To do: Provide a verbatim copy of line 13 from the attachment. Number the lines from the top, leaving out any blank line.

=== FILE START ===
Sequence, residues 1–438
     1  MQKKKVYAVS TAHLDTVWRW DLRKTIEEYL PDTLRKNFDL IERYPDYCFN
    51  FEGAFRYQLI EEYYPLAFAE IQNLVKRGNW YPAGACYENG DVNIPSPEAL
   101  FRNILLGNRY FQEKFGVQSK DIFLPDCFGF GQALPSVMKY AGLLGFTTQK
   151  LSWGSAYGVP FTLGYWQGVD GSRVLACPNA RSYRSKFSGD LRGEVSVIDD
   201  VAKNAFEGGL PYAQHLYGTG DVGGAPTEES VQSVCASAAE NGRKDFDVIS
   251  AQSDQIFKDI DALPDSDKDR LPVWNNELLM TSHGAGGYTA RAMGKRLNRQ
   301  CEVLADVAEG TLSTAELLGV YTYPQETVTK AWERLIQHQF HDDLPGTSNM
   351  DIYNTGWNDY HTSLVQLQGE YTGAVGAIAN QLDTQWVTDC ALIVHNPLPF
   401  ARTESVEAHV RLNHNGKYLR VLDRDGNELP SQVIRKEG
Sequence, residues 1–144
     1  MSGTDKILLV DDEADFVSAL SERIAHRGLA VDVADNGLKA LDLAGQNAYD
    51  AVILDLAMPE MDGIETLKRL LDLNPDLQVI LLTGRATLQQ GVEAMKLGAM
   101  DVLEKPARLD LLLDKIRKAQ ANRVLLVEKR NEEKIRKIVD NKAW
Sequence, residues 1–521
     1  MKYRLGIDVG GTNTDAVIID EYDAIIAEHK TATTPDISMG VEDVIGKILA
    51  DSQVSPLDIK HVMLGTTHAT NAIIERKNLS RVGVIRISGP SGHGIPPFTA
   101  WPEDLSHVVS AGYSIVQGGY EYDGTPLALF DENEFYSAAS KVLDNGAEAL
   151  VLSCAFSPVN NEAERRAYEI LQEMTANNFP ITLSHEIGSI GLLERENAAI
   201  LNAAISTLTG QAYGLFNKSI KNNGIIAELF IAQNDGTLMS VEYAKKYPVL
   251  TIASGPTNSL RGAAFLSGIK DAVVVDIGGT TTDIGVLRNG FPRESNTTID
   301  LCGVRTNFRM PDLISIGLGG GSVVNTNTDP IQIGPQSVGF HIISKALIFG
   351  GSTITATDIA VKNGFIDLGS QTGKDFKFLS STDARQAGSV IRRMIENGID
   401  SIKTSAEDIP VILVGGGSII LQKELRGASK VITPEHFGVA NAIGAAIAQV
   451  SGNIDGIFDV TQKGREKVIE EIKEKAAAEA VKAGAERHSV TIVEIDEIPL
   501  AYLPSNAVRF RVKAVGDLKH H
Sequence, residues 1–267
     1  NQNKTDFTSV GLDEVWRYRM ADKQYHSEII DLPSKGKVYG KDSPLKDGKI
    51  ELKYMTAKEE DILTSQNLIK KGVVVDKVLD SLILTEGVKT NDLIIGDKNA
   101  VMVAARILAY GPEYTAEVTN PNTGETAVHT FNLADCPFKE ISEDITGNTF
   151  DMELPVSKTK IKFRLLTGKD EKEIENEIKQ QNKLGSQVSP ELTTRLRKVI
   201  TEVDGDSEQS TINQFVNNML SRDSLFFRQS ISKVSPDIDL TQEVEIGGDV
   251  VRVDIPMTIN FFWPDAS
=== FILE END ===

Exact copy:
    51  AVILDLAMPE MDGIETLKRL LDLNPDLQVI LLTGRATLQQ GVEAMKLGAM